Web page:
Caught Up In The Moment

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To be caught up in the moment means to be so absorbed in what you’re feeling that you lose your sense of rational thinking and do something that you will regret later. I don’t know about you, but I can think about quite a few instances when I’ve been caught up in the moment. As a matter of fact, it’s something that most people have done at least once in their lives. However, some people’s consequences have been worse than others. I know the last time I got caught up in the moment was when I was pursuing a running back that was headed towards the sideline. He was able to get out of bounds a few steps before I could get to him, but I hit him anyway. I knew he was out of bounds, but I was caught up in the moment. I can’t remember exactly what was going through my head, but I know we were losing the game and I was frustrated with the overall outcome of our season. I ended up getting a 15yd penalty for that offense and my coach subsequently took me off the field. A 15yrd penalty is a big consequence on the football field because it can drastically change the momentum of the game. However, I was just thankful I didn’t get ejected the game.

Paul George however was ejected from his game against the Chicago Bulls after he accidentally kicked the basketball into the face of a fan sitting in the stands. Paul George’s team was up by 20 points and it appeared that George was attempting to kick the basketball at the basket stanchion. He missed the basket stanchion totally and hit a fan directly in the face. He immediately went to apologize to the fan and gave her a hug. Reporters spoke to George’s coach Nate McMillan after the game. McMillan said, “Emotions took over in that situation, and he knows that’s something he can’t do. That’s an immediate ejection.” I watched the play myself and it didn’t appear that there was in malice intended when George kicked the ball and he didn’t appear to be irate whatsoever. His emotion did however take control of him and an honest mistake led to an unfavorable consequence for him and his team. His team did go on to win the game, but it could have ended differently.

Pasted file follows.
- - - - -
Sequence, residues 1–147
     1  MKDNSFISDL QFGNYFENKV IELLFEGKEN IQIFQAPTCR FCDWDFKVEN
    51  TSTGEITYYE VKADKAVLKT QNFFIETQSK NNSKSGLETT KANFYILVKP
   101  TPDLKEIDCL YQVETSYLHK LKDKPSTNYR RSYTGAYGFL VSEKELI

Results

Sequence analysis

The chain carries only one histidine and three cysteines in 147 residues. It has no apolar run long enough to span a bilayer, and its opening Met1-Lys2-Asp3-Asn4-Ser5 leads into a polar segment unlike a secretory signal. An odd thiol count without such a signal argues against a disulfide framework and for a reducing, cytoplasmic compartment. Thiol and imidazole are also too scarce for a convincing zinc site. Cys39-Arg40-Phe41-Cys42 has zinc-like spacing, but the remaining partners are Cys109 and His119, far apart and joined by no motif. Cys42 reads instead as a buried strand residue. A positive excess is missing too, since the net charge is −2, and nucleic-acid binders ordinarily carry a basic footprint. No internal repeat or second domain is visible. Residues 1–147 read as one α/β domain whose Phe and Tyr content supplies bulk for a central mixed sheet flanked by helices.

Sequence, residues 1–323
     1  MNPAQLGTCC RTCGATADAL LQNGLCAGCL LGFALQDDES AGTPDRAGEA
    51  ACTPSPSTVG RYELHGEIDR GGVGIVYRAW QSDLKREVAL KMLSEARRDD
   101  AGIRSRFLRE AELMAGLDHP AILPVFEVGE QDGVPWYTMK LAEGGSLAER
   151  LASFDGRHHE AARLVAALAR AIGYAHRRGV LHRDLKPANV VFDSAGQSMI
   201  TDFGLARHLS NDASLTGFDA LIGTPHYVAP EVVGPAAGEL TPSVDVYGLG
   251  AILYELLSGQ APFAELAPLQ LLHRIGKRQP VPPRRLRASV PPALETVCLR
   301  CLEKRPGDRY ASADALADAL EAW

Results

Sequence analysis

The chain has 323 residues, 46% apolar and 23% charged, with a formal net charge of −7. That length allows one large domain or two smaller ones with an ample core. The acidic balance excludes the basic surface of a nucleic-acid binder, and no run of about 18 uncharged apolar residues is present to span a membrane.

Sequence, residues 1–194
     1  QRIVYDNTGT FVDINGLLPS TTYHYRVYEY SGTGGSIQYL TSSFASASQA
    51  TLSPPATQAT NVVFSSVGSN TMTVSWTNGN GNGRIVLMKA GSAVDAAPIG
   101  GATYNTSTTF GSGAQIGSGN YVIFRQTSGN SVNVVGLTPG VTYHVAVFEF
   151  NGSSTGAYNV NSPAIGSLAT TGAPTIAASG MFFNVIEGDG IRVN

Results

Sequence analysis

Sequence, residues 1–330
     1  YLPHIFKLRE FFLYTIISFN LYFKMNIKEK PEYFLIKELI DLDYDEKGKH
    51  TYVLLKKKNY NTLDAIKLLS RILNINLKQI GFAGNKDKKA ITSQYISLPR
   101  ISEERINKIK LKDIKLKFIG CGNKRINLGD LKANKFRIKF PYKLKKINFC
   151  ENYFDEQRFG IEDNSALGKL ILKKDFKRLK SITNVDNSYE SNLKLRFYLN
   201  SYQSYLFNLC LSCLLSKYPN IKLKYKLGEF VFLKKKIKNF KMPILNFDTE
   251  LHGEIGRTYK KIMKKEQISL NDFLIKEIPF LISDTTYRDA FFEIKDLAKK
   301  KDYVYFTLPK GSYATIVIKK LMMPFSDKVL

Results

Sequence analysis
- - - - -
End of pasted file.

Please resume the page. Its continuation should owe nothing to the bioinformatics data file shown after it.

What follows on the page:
This blog is in no way intended to bash or put down Paul George. I like Paul George and from what I’ve seen and heard, he seems like an Athlete Of Character on the court. This is however a great example of how a person who usually keeps their emotions in check can still lose them in the heat of the moment. It only takes one moment for you to do something that can forever change your life.

Now, I know we can’t prepare for everything that may or may not happen. Still, we need to use every opportunity in little league and high school sports to teach our young athletes to stay under control and not get caught up in the moment. The consequences at the little league level are minute, but the consequences grow in terms of severity as they get older. I’m a firm believer that it’s better to be proactive than to be reactive.

One of the best ways to teach our young athletes not to get caught up in the moment is by teaching by example. Although most of us are no longer athletes, we still teach our children and players how to act by what we do in our everyday life. Are you a person who is typically under control or are you the one that’s always caught up in the moment?